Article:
Klitschko and Peter square off in crossroads bout
By Julian Kasdin (September 23, 2005)  
Photo © HoganPhotos.com
On Saturday night the current and former heir apparent of the heavyweight division will collide when Wladimir ‘Steel Hammer’ Klitschko, 44-3 (40), squares off against rising star Samuel ‘The Nigerian Nightmare’ Peter, 24-0 (21), in a battle of heavy hitters. This is a fight that promises fireworks, knockdowns, and will not reach the final bell. Either Peter will stake his claim to the throne, or Klitschko will usurp it, either way this is a fight for the fans and one that we want to see.

Three years ago Wladimir Klitschko looked unbeatable, having demolished giant Jameel McCline, iron chinned Ray Mercer, perennial gatekeeper Franz Botha, current IBF title holder Chris Byrd, and top contender Monte Barrett, all of them with relative ease. The only hiccup in this long list of dominating performances was when he punched himself out against Ross Puritty, a fight that saw Klitschko throwing 900 punches and run out of steam before the final bell. But one fateful night in Hanover, Germany, Klitschko’s career would begin a downward spiral. The night started out badly, with Wladimir being called Vitali during fighter introductions, and would end even worse. Klitschko fought South African power puncher Corrie Sanders on this night, and less then six minutes after the first bell Klitschko would be dropped four times and lose by second round TKO. The younger Klitschko did not know how to react to getting rocked; instead of tying up he proceeded to slug it out with the hard punching South African, thus sealing his fate. Klitschko would win two confidence building fights after this, only to punch himself out and collapse against Lamon Brewster. This fight was followed by a lackluster performance against DaVaryyl Williamson that saw Klitschko hitting the canvas again en route to a fifth round TD. His most recent fight was against overmatched Cuban prospect Eliseo Castillo, which resulted in a shutout fourth round TKO win for Klitschko.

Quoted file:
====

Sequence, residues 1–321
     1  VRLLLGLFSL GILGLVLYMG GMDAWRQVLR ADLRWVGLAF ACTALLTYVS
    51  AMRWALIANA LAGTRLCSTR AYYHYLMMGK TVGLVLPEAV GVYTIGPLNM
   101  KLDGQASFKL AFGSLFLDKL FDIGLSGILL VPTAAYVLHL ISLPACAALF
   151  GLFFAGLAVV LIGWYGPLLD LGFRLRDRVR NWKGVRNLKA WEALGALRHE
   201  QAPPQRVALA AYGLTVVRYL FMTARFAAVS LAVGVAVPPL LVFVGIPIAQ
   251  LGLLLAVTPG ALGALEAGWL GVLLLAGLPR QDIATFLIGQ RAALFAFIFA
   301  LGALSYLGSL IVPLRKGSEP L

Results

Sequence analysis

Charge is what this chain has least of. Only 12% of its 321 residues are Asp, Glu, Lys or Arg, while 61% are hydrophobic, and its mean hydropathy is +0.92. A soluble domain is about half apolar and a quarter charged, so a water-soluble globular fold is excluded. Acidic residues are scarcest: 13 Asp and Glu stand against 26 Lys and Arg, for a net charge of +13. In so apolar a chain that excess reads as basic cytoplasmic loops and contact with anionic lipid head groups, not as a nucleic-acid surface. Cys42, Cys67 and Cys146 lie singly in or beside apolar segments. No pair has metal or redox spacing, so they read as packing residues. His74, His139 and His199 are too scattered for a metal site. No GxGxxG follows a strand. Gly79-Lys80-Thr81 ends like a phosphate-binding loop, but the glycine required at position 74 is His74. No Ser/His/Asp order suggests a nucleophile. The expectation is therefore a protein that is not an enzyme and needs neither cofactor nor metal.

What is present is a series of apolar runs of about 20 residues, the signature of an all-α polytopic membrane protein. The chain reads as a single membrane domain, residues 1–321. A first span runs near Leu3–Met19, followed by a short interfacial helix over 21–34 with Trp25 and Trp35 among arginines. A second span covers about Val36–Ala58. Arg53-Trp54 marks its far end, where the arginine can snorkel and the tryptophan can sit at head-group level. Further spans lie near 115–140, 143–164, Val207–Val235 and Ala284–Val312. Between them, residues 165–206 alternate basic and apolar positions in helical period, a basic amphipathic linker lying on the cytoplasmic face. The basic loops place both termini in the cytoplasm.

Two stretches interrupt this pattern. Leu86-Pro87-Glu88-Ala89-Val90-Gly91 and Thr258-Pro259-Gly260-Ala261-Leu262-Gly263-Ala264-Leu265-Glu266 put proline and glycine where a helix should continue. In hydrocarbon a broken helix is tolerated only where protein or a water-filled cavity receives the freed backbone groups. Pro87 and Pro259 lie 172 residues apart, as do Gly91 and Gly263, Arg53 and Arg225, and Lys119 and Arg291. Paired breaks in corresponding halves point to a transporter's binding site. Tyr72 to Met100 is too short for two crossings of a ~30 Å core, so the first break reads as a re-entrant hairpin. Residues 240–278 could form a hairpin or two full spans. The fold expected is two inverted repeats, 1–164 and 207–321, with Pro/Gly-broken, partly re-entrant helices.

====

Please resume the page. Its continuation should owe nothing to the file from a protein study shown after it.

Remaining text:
Klitschko is probably the most gifted heavyweight in the division; he has great speed, bone crunching power, height and size, and is able to throw combinations that no-one else his size can. Unfortunately he seems to lack confidence and a chin, which is what makes this fight against Peter so interesting. Klitschko has to fight tall, like Lennox Lewis, using his piston like jab and jackhammer right hand to keep Peter on the outside. He has to keep his distance and make Peter pay every time the younger man attempts to come in. Klitschko also has to cover up, and clinch Peter when he gets in close, which is when Peter does most of his damage. Klitschko has awesome power, and very few heavyweights can resist it, and it is this power that can be used to keep Peter on the outside and unable to do damage. Klitschko must also conserve his energy and not worry, throw punches in bunches when he is pressured, and he should fight in much the same manner he did against Castillo.